Putting in the Numbers at Each Step

    We can solve Eqn. 1 to get the value of y1

    \[y_1 = \frac{1 }{2} a_1t^2 = \frac{1 }{2} (39.2 m/s^2 )× (10.0s)^2 = 1960m \tag{4}\]

    Next we can directly solve Eqn. 2 to get the value of v

    \[v = a_1t = (39.2m/s^2 )× (10.0s) = 392m/s \tag{5}\]

    Then we can solve Eqn. 3 for y2 using the value of v from Eqn. 5

    \[y2 = \frac{v^2}{ 2a_2} = \frac{(392m/s)^2}{2 × (9.80m/s^2 )} = 7840m \tag{6}\]

    So we can finally get the answer by combining Eqns. 4 and 6

    \[y_1 + y_2 = (1960m)+ (7840m) = 9800m \tag{7}\]

    So this method of solving the problem requires doing four different calculations. There are lots of chances to make a mistake!

    Putting in the Numbers

    At the End From Eqns. 2 and 3

    \[y_2 = \frac{1v^2}{ 2 a_2} = \frac{1 a_1^2 t^2}{ 2 a_2} \tag{8}\]


    \[y_1 + y_2 = \frac{1}{ 2} a_1t^2 +\frac{1 a_1^2 t^2}{ 2 a_2} \]

    \[= \frac{1}{ 2} a_1t^2 (1+ \frac{a_1}{ a_2} ) \tag{9}\]

    iwe can put in the numbers.

    \[y_1 + y_2 = \frac{1}{ 2} a_1t^2 (1+ \frac{a_1}{ a_2}) \]

    \[= \frac{1}{ 2} (39.2m/s^2 )× (10.0s)^2 (1+ \frac{39.2m/s^2 }{9.80m/s^2}) \]

    \[= 9800m \tag{10}\]

    The two methods give the same answer provided we didn’t make any mistakes. But by putting in the numbers at the end we got to the solution faster, and only had to use our calculator once. Further, using your calculator in a simple-minded way the first method required inputting 10 numbers, while the second method only required 6. So the chances of making a mistake are much much less by putting in the numbers at the end.

    Math & Physics

    Some students in introductory physics courses are worried about “all that math” in the course. If you are one of those students, you should be aware that in physics we use mathematics in two distinct ways:

    1. As a language to describe the physical universe.

    2. As a tool to solve problems.

    We briefly referred to this in the Solve Step #4 of the problem solving strategy above.

    Here is an example of math as a language to describe the world. The most famous equation in the world is probably Einstein’s E = mc 2 . Here is a translation of that equation into English:

    In Einstein’s theories of relativity the speed of light, c, is just a conversion factor for units. So, if we ignore units we can write the equation as: E = m. This says that “energy” E and “mass” m are just different names for the same thing, i.e. energy and mass are equivalent.

    In the previous section when we discussed problem solving, we saw that one of the steps involves casting the physical situation into one or more equations: this is physics.

    Then the equations are solved. This is not physics: this is just math. For example, when we did an example of solving some equations to get a final answer above, there are many software programs that can “do the math” as well or better than we can. And of course, the program doesn’t know anything about physics.

    The final step in problem solving, assessing the answer, is again physics.

    Most introductory physics courses for non-majors are not very interested in testing your ability to do mathematics, but are interested in you becoming proficient in using it as a language.

    I will leave to the philosophers and linguists the question of whether the fact that physicists think in the language of mathematics influences the questions that they ask about the world and the answers that they come up with to those questions.

    Myth-busting 2

    Some students believe that doing a large quantity of problems, such as all the problems at the end of the chapters of the textbook, is a good way to do well in the course. There are data that show that this strategy is not effective. One study involved a Physics course where some students did over 2000 problems! It was found that after doing a reasonable number of problems, student performance didn’t increase by doing even more of them. So all those extra problems were a waste of time.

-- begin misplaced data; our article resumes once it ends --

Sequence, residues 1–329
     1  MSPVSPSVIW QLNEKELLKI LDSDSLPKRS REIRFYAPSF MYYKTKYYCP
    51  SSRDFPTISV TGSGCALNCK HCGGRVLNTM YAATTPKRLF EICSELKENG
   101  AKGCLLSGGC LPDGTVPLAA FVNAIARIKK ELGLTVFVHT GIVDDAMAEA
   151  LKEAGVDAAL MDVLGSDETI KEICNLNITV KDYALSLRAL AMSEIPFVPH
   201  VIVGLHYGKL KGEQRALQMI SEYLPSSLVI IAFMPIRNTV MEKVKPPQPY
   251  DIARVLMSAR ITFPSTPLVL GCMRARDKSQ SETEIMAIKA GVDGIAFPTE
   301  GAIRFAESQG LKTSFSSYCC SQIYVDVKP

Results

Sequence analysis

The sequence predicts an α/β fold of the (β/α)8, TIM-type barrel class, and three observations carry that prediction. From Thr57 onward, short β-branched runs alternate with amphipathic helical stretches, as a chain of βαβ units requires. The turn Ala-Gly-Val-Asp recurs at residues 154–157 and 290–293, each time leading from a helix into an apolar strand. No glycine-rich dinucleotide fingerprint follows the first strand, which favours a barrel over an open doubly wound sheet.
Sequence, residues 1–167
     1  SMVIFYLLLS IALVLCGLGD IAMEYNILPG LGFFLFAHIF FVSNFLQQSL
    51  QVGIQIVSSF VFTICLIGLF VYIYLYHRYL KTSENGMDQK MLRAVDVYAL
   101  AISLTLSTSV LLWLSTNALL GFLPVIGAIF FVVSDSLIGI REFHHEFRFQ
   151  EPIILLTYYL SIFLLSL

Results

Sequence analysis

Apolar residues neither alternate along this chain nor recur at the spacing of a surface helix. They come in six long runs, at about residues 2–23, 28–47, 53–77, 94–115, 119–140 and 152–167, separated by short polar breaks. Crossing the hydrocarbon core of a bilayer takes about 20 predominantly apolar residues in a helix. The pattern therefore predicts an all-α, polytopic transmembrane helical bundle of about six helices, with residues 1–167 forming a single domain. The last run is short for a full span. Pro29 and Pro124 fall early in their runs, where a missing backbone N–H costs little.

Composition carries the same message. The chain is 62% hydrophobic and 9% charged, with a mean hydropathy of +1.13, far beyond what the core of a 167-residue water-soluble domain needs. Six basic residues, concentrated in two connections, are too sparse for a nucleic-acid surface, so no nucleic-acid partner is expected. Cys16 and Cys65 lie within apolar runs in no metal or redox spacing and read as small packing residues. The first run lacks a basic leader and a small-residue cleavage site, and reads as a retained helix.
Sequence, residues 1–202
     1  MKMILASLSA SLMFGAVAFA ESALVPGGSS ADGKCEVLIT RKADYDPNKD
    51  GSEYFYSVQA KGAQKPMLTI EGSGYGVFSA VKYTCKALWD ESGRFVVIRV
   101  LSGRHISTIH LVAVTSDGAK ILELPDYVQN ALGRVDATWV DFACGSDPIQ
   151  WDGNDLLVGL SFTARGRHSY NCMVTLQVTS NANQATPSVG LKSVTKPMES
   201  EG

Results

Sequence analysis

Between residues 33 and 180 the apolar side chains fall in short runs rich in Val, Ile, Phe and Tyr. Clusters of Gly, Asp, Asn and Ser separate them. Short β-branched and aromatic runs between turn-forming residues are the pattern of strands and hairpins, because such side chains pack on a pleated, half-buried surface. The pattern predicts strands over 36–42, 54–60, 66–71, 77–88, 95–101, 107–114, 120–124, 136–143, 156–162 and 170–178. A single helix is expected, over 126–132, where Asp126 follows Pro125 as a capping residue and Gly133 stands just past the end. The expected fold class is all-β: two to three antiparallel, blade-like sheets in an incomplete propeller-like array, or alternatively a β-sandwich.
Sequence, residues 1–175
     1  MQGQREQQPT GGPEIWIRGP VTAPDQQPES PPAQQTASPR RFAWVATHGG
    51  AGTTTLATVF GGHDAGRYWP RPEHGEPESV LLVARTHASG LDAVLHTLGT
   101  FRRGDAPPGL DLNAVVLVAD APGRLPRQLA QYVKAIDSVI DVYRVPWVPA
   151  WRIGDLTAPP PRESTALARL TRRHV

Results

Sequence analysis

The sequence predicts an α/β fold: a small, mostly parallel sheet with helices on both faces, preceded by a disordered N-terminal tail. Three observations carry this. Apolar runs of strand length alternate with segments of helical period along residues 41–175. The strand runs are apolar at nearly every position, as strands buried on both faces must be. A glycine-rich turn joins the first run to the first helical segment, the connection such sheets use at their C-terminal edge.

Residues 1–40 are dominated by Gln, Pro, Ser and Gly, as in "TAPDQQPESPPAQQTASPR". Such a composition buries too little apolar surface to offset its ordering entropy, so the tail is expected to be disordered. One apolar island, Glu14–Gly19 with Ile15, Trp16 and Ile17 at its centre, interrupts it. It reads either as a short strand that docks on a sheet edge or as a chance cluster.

This same study found that the most influential factor in determining how the students did in the course was the problem solving and learning strategies that were used. Those strategies have been the primary focus of this document. In short:

    • Studying smart is better than studying lots.

    Different Components of a Course

    A typical science course consists of classes, textbook or course note readings, perhaps a practical, perhaps a tutorial, perhaps a laboratory, homework problems, and sometimes more. Each component of the course takes a somewhat different perspective on the same underlying content.

    It is important to realize that each of these components of the course all have the same goal: to assist you in learning the content so that you may do well on the tests and exams. So, for example, when you are doing a laboratory or practical try to remember that what you are learning there is part of the process of understanding the material of the course. Similarly for all of the other parts of your course: they are all trying to help you understand the important concepts and facts of the course.

    Do the Homework Yourself!

    In introductory courses, regular homework assignments are assigned, collected, and count for a small part of your grade in the course. Whether the assignments are done on paper, or via a computer, it is easy to get the solutions from a “friend” and turn them in and get full credit. This is a terrible strategy.

    In PHY131 at Toronto we use MasteringPhysics software to deliver homework problems. One feature of the software is that it tracks everything that you type and when you typed it. So we can identify students who enter the answer to a problem in less than a couple of minutes from when the problem was first shown to them. Perhaps some of these students had a printout of the question, and had solved it before logging in to MasteringPhysics. Perhaps some of them had solved the problem in a study group, and so one member of the group had taken a reasonable time from beginning to end, with the other members of the group able to enter the answer very quickly. However, it is reasonable to assume that the vast majority of these “fast” students had gotten the answer from somebody else and just copied it into the system.